I love the romance that Hoang takes you on in her story writing. But, I think the thing that I love the most and keeps me coming back again and again and again is the way in which she is able to feature marginalised groups. And she doesn’t do this from her imagination, but, rather, she is able to create these amazingly diverse characters from her own experiences, or the experiences of those near her.
This novel melted my heart and left me grinning from ear to ear. It is cute and sweet. And most definitely impossible to forget. Definitely one that I will be rereading at some point in the future.
Title: Kiss of Heat Author: Lora Leigh Series: Breeds #4 Rating Out of 5: 4 (Really good read!) My Bookshelves:Erotica, Paranormal romance, Romantic suspense Dates read: 3rd January 2021 Pace: Fast Format: Novel Publisher: Lora Leigh Year: 2004 5th sentence, 74th page: And now Kane was sleeping deep and painlessly while she paced the room, kicking herself for her own lack of control.
They’ve waited a decade to come together. Long years filled with unbearable pain and soul-wrenching torment that have changed them both and left wounds that have laid their souls bare. Wounds that stand one chance of healing – if only they could stop fighting each other long enough for the truth to work its healing balm.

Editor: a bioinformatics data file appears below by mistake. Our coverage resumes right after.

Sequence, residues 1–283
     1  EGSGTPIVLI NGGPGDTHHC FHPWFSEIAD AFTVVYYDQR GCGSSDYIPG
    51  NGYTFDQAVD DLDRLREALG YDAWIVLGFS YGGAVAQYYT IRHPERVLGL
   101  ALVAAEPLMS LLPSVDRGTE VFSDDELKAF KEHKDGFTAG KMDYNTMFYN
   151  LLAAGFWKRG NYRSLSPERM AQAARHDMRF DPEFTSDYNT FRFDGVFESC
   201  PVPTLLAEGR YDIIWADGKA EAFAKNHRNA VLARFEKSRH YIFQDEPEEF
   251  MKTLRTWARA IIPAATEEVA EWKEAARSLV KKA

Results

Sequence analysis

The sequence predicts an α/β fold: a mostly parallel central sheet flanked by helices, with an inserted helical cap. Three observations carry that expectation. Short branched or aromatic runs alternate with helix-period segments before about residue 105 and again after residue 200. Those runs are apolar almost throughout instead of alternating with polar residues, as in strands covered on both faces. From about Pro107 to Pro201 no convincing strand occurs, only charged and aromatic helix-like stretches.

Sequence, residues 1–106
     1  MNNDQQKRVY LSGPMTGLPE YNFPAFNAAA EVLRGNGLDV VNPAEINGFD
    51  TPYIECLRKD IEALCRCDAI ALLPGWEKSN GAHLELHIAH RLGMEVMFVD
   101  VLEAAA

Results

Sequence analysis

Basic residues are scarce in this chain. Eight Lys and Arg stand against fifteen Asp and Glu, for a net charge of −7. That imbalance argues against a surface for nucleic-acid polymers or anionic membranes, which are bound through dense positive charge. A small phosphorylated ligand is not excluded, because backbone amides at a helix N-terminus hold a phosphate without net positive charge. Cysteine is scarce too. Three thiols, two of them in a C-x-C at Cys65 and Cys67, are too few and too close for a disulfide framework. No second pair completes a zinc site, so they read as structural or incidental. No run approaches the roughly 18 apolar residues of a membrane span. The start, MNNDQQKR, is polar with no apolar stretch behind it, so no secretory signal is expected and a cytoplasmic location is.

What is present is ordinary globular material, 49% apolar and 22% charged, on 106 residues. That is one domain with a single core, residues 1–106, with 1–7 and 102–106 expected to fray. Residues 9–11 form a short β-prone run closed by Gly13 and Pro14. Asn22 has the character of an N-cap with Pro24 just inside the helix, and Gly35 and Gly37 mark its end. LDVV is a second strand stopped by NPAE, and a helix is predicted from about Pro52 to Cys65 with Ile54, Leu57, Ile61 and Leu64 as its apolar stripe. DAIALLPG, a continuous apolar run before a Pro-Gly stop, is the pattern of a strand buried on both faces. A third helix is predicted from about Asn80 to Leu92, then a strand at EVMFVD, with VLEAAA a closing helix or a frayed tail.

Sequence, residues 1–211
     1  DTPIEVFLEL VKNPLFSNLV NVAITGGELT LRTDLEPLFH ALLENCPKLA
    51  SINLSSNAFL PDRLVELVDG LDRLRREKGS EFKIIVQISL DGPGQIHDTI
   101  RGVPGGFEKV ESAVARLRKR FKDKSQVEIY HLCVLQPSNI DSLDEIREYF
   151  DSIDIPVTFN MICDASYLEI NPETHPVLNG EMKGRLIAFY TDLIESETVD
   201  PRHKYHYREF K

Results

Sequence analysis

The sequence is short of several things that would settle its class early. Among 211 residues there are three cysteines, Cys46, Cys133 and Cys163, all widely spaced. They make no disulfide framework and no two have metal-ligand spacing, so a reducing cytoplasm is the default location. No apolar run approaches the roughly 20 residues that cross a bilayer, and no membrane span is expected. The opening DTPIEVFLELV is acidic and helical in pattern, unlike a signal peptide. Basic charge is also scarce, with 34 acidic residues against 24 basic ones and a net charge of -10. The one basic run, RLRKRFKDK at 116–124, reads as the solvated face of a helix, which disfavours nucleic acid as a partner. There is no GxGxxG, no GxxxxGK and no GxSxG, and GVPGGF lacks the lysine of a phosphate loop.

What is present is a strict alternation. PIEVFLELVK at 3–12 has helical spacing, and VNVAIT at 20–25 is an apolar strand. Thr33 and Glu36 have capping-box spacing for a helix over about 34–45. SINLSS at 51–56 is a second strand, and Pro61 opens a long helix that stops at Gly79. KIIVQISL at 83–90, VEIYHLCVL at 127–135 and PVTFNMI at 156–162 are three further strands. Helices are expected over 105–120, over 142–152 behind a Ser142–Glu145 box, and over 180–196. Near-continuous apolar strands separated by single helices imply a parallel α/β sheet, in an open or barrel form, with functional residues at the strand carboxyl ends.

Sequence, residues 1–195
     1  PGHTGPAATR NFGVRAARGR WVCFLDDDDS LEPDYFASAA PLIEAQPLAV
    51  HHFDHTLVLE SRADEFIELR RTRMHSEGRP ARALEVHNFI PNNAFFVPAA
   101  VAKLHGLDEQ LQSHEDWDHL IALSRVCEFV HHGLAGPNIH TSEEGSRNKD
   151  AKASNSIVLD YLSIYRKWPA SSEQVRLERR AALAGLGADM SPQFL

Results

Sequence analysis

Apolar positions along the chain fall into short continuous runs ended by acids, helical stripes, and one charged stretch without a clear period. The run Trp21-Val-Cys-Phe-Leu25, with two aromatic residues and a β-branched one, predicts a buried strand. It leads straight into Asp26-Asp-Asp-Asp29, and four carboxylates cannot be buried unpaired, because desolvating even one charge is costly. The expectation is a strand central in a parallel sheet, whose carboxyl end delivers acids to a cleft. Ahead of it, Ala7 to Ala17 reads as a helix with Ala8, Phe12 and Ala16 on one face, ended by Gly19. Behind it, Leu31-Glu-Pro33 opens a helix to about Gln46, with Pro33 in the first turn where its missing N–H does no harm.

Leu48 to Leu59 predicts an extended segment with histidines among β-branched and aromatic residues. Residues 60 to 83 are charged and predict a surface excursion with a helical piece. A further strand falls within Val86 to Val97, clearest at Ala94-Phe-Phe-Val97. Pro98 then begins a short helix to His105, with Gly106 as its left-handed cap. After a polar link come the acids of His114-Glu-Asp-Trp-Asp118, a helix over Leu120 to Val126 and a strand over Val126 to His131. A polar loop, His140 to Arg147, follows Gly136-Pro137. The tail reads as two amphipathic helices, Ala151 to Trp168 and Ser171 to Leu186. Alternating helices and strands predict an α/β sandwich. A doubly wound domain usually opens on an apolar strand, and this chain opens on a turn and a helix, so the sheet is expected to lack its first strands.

Kane, a relentless warrior, lost more than his heart to Sherra in a night of mating passion that marked them both for life. But news of her death ripped his soul apart. For years he has fought to avenge the death of the woman he loved more than his own life, by revealing the deceit and cruelty of the Council that created the Breeds
But Sherra didn’t die, and now amid the rapidly escalating violence against the Feline Breeds, Kane and Sherra learn that there’s more to mating than just the “heat,” just as there’s more to love than just the sex…
Ever since reading Tempting the Beast, I’ve been really intrigued to find out more about Kane and Sherra’s story. There are hints and bits and pieces throughout the next two novels in this series that highlight how great a story it’s going to be. And very, very many hints about what really went wrong between these two. But until I actually had the chance to read this story… wow.
Although this novel had the same intensity and erotica as the other Breeds novels, there was a little more heart break and heart wrenching than the other stories. The horrors that have been committed against the female breeds start to rear their ugly, horrifying heads. And pull my heart apart even more. After all, some of the horrors that are mentioned in this story are exactly the things that I am most afraid of. I’m just glad they don’t go into too much detail.
I always find in a series, particularly romance series which focus on different couples each novel, by the third or fourth novel, things start to get… intense. And that’s exactly what happened here. Now, there is more at stake in each story than the happiness and the livelihood of the couples. Rather, war is declared and things are steadily getting deadlier and deadlier. I can’t wait to see how everything progresses from this point forward!